Posted Wednesday, July 11, 2012
About 90 percent of the debris from demolition of the Jennie Sealy Hospital and old Shriners building at the UTMB will be recycled, said Vaughn Construction, the construction manager on the project.
Demolition of the buildings will create about 31,000 tons of debris. The Jennie Sealy building was demolished March 3. The Shriners building is scheduled to fall by May.
The cleared site will become the home of the new $438 million Jennie Sealy Hospital scheduled for construction later this year and completion in 2016.
Concrete rubble at the site will be crushed to make aggregate for new concrete or gravel for use in road construction and site pads, said Matt Byman, senior project manager for Vaughn Construction. The recycling is being done by Leimer Brothers Concrete Inc. in Galveston. Brick also will be recycled.
Recyclers at the demolition site will reclaim metals such as copper pipe and wire, tin and aluminum.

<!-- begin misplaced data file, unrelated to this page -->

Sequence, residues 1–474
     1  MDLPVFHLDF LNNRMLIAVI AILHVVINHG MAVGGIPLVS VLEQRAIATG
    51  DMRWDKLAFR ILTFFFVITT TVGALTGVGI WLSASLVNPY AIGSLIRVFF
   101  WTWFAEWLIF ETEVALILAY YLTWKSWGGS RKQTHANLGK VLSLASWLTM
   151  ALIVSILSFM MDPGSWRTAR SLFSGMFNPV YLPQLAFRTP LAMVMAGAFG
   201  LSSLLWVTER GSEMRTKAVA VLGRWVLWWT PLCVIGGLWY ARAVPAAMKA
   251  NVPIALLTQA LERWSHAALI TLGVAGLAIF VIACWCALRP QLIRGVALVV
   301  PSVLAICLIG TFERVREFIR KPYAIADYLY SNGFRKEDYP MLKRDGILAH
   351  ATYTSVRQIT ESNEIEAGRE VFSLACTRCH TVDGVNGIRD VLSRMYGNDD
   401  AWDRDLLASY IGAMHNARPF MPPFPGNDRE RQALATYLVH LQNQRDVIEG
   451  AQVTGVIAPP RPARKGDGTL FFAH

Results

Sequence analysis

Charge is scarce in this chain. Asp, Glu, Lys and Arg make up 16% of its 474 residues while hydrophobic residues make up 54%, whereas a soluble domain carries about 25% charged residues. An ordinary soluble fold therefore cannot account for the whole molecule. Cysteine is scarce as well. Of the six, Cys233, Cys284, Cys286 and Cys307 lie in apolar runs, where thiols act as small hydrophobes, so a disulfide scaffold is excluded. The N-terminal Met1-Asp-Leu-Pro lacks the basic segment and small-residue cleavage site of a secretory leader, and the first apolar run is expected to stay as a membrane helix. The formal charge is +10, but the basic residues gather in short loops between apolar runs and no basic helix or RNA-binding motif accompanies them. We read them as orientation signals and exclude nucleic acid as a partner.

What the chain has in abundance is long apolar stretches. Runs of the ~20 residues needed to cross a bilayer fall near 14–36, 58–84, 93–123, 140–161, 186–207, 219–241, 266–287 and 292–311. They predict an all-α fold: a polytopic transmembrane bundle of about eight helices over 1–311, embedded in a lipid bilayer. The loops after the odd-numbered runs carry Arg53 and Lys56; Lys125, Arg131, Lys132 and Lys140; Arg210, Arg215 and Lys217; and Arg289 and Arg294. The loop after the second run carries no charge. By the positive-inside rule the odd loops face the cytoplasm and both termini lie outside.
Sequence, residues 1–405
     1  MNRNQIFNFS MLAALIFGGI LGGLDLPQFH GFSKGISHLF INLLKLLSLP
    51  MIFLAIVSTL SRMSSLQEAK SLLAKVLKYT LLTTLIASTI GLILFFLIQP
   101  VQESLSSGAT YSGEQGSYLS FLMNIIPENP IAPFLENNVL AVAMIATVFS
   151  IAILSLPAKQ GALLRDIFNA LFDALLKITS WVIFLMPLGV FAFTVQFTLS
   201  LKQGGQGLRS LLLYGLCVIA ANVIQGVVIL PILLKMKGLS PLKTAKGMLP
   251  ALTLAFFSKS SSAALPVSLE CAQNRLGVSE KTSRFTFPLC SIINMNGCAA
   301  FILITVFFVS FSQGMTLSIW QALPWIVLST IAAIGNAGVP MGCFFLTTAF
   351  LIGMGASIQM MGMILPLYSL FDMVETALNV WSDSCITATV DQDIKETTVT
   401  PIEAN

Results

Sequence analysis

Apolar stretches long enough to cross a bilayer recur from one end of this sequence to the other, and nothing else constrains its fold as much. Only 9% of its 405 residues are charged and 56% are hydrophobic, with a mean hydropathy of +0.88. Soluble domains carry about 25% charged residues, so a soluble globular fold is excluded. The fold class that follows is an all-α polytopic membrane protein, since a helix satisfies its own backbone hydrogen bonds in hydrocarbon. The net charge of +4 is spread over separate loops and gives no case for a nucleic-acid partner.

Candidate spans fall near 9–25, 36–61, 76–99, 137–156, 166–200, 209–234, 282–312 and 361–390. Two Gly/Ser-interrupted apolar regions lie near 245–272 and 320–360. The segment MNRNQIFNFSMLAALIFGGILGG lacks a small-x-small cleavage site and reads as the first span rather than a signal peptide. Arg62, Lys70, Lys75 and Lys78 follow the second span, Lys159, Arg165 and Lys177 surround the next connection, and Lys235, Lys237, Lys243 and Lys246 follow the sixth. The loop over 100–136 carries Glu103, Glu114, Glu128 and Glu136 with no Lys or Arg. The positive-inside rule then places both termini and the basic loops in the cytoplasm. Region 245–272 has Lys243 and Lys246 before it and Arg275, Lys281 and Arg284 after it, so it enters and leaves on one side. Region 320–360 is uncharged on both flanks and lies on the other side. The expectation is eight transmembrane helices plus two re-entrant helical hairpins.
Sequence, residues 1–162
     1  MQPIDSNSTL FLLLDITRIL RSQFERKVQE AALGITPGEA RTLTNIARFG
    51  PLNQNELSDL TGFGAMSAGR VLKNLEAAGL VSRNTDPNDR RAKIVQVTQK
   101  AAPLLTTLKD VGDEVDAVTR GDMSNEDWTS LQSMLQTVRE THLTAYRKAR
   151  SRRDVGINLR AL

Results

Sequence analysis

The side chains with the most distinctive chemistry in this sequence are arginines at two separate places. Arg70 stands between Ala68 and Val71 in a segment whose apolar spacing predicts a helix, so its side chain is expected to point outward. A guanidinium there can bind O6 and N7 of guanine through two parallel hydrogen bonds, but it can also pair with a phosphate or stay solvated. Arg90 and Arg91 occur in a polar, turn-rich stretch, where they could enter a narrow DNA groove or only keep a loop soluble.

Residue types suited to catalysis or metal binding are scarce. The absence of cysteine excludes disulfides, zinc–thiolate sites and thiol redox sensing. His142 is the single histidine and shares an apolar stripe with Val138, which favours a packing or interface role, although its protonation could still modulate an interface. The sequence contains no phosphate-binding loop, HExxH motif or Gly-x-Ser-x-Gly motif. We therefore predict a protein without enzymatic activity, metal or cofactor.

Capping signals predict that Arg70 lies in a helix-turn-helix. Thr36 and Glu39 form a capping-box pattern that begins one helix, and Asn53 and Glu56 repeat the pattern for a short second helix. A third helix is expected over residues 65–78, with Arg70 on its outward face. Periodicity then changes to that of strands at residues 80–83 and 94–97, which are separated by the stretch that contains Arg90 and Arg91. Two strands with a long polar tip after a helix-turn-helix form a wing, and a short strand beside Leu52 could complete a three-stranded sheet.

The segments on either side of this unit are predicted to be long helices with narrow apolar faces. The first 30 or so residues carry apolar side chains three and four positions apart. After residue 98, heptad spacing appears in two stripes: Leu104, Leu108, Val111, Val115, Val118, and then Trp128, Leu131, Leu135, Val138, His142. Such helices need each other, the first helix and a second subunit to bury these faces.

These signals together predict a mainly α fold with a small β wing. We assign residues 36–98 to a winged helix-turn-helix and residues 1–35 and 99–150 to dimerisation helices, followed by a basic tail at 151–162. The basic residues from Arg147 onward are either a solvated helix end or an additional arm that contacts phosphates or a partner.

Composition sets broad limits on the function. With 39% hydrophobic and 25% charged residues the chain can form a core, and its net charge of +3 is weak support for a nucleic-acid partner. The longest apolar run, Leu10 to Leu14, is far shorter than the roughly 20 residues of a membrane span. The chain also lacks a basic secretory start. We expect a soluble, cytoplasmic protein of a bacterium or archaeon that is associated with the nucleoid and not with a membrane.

“Operators at the demolition site sort through the concrete and remove all metals before loading the old concrete into trucks for removal,” Byman said. Recycled metal from the old Jennie Sealy building has an estimated market value of $120,000, he said. Commercial Metals Corp. in Galveston is recycling the metals. Wood, insulation and roofing material can’t be recycled and will be sent to the Galveston landfill.
Here is the estimated tonnage for recyclables and waste:
Concrete – 14,920 tons
Metals – 1,920 tons
Waste – 1,100 tons
Concrete/brick – 10,400 tons
Metals – 1,240 tons
Waste – 1,450 tons